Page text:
Le Pen Surges in Presidential Polls As Centre-Right Candidate Plummets

Le Pen Surges in Presidential Polls As Centre-Right Candidate Plummets

Populist presidential candidate Marine Le Pen has surged in recent polling, while centre-right Les Républicains candidate Valérie Pécresse has slumped amid serious allegations of voting irregularities within her party.

Polls released this week have seen National Rally (RN) leader Marine Le Pen surge into a comfortable second place in the French presidential race, well ahead of her main rivals, Valérie Pécresse and conservative pundit and writer Eric Zemmour.

A Harris Interactive poll released on Wednesday put Le Pen at 17 per cent, behind current President Emmanuel Macron who scored 24 per cent in the polling for the first round of the French presidential elections.

The poll saw Zemmour in third place with 15.5 per cent and Ms Pécresse in fourth with 13.5 per cent. A similar result was seen in an Elabe poll, which put Le Pen at 18 per cent, Zemmour at 13.5 per cent and Pécresse at just 11.5 per cent.

The surge for Le Pen comes as previous polls released earlier this month had put her and Ms Pécresse neck-and-neck for second place and the ability to face off in the second round against President Macron.

Le Pen Suspends Presidential Campaigning Over Lack of Official Sponsorshipshttps://t.co/Y2VnPCGP6J

— Breitbart London (@BreitbartLondon) February 23, 2022

Despite the gains in the polls, Le Pen has experienced some difficulties in her campaign in recent days and paused her campaign on Tuesday due to a lack of official endorsements needed to run for the French presidency. Under the French system — which is designed to exclude candidates outside of the mainstream — would-be presidential hopefuls need to gain the endorsements of hundreds of government officials to make their candidacy valid.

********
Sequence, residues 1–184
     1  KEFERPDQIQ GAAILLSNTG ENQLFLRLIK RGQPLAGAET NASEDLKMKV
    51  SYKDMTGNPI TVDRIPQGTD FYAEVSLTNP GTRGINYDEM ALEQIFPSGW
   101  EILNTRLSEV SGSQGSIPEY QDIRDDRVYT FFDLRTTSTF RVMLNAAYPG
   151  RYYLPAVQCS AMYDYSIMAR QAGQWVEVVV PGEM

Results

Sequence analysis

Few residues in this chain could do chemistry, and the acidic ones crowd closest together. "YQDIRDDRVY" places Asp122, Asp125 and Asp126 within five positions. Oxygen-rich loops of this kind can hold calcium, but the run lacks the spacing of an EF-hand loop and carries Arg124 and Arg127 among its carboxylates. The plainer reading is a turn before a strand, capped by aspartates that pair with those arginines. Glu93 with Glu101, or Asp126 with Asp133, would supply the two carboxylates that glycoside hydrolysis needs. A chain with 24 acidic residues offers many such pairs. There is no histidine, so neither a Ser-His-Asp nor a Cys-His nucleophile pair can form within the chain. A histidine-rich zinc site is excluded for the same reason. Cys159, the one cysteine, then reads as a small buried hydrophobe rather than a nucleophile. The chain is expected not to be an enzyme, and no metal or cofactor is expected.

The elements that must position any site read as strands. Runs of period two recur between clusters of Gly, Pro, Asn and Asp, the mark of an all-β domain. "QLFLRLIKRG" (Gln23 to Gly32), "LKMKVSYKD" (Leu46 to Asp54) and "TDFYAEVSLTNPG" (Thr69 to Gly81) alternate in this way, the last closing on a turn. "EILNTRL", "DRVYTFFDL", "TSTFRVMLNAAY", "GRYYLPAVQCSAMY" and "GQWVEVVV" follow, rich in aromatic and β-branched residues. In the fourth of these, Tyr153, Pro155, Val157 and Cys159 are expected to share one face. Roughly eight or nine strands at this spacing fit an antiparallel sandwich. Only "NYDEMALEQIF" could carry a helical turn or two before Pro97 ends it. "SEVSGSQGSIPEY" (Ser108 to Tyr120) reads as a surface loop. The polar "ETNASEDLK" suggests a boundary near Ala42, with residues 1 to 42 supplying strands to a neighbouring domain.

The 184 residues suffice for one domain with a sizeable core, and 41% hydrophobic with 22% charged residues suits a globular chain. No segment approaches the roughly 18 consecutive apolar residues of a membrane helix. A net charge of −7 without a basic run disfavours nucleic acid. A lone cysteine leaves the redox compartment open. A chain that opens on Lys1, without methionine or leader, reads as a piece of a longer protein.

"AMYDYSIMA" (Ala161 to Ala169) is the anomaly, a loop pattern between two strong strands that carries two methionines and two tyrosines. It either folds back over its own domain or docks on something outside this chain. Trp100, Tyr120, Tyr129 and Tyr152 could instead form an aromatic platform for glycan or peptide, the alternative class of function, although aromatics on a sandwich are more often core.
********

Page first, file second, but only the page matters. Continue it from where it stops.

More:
Valérie Pécresse, meanwhile, is facing her own difficulties after a report from the newspaper Libération claimed to have discovered serious irregularities in the primary vote that declared her the candidate for Les Républicains (LR), including allegations that dead people and a dog named Douglas were allowed to vote.

Officially, only members of LR who paid the party a 30 euro fee were allowed to vote in the primary but the investigation into the vote has claimed that a woman who died in 2019 appeared on the voter roll.

The controversy was quickly labelled “Douglasgate” on social media, after the alleged dog, said to reside in the Provence-Alpes-Côte d’Azur region. According to the magazine Marianne, the dog’s owner, who did not want to be named, voted in place of the dog and registered him as a test “to see if it was feasible.”

Les Républicains have denied the allegations, stating, “Several members of Les Républicains bear this name. The one quoted by Libération could not take part in the vote because he did not meet the criteria requested.”

The denial did not stop Eric Zemmour from lambasting Pécresse over the allegations, putting out a press release claiming supporters could register their pets as members of his party Reconquest! but assured supporters that the animals would not be allowed to vote.

Reconquête! est le premier parti qui autorise l’inscription de vos animaux de compagnie !

NB : vous pouvez les inscrire mais ils ne pourront pas voter.#douglasgate#LesAnimauxAvecZemmourhttps://t.co/hluOVJuMoa

— Eric Zemmour (@ZemmourEric) February 23, 2022

Follow Chris Tomlinson on Twitter at @TomlinsonCJ or email at ctomlinson(at)breitbart.com.

Chris Tomlinson